Written by Sherry
Friday, 18 May 2007 19:12
You have to love it!
Rocco Palmo of Whispers in the Loggia, king of Catholic ecclesial news, has written a lovely article for Busted Halo about the the Rev. Jerry Falwell. (http://www.bustedhalo.com/features/RoccoPalmo
AlmostHoly16ThedeathofJerryFalwell.htm) Turns out that members of Rocco's family are part of Lynchburg Baptist and that Jerry Falwell was almost part of the family.
"It doesn’t say much for modern discourse that friendship, kindness and respect are often only given when we’ve vetted others enough to see how their worldviews mesh with our own. If we’re really going to preach a Gospel of Life, however, we’ve got to be prepared to live it, and not only when it’s easy or convenient.
I haven’t always seen eye to eye with Jerry Falwell—or, for that matter, with my relatives who have been part of his flock. But while ideas and teachings are one thing, their practice is entirely another. Catholic, Mainline or Evangelical, conservative, liberal, libertarian, or anywhere in between, those of us who call ourselves Christian all come from a tradition where we’re charged to love our neighbor as ourselves.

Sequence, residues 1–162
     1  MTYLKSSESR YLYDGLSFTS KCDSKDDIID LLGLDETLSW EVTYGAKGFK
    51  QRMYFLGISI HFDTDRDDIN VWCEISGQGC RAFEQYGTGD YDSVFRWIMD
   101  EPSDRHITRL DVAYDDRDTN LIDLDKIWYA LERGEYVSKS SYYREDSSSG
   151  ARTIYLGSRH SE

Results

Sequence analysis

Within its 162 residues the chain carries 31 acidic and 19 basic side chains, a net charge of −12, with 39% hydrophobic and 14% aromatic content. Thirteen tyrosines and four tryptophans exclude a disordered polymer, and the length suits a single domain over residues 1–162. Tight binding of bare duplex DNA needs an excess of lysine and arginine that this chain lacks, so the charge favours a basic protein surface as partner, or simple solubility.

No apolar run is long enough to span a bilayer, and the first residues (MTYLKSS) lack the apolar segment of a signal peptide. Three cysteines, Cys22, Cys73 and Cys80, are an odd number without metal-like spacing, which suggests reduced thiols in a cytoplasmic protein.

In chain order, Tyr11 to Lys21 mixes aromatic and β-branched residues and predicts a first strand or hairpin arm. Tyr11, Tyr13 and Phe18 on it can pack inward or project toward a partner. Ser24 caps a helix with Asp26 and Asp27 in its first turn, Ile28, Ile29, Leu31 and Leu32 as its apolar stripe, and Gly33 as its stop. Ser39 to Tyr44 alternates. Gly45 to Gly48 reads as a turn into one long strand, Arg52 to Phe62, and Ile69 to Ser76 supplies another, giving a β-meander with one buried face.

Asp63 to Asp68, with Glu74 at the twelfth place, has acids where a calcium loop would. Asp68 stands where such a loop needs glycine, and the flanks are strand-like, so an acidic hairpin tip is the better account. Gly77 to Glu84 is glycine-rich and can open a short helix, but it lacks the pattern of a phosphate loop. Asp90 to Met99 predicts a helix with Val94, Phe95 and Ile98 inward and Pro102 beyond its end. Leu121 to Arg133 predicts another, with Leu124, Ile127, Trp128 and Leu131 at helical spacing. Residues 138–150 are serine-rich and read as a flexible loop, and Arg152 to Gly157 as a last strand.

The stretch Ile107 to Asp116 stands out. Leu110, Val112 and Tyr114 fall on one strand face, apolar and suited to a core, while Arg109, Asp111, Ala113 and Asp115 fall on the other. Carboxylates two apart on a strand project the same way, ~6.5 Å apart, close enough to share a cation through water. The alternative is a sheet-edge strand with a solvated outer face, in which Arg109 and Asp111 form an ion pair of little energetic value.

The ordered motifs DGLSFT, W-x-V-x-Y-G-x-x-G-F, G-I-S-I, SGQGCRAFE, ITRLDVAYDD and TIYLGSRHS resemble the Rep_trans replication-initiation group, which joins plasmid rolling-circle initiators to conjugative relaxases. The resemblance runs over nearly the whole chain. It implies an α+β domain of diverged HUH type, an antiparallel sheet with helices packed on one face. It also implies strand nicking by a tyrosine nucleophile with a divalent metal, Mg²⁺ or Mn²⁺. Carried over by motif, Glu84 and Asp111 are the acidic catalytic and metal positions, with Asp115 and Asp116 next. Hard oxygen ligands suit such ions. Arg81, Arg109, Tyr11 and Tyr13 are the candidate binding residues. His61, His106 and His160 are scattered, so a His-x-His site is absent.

The living witness of my family’s faith and love was inspired by the example of the pastor who taught them more than all the acres of newsprint and airtime he ever garnered could ever hope to cover. To grieve their loss and pray alongside them, both in hope for the future and for their comfort in these difficult days, is the best—and only—Christian thing to do."
Rocco entitled his piece: Confessions of a bad Catholic...A death in the family. I knew exactly what he meant.
Those of us whose friends and family are strewn about the Christian world and across the political and cultural spectrum, can sometimes begin to wonder if we are a "bad Catholic" in the current climate because our relationships don't fit into purist cultural war categories.
I mean, how you can be friends with someone who is "one of the them?"
Easy. Because genuine goodness and lovebleness is so much larger than ideology.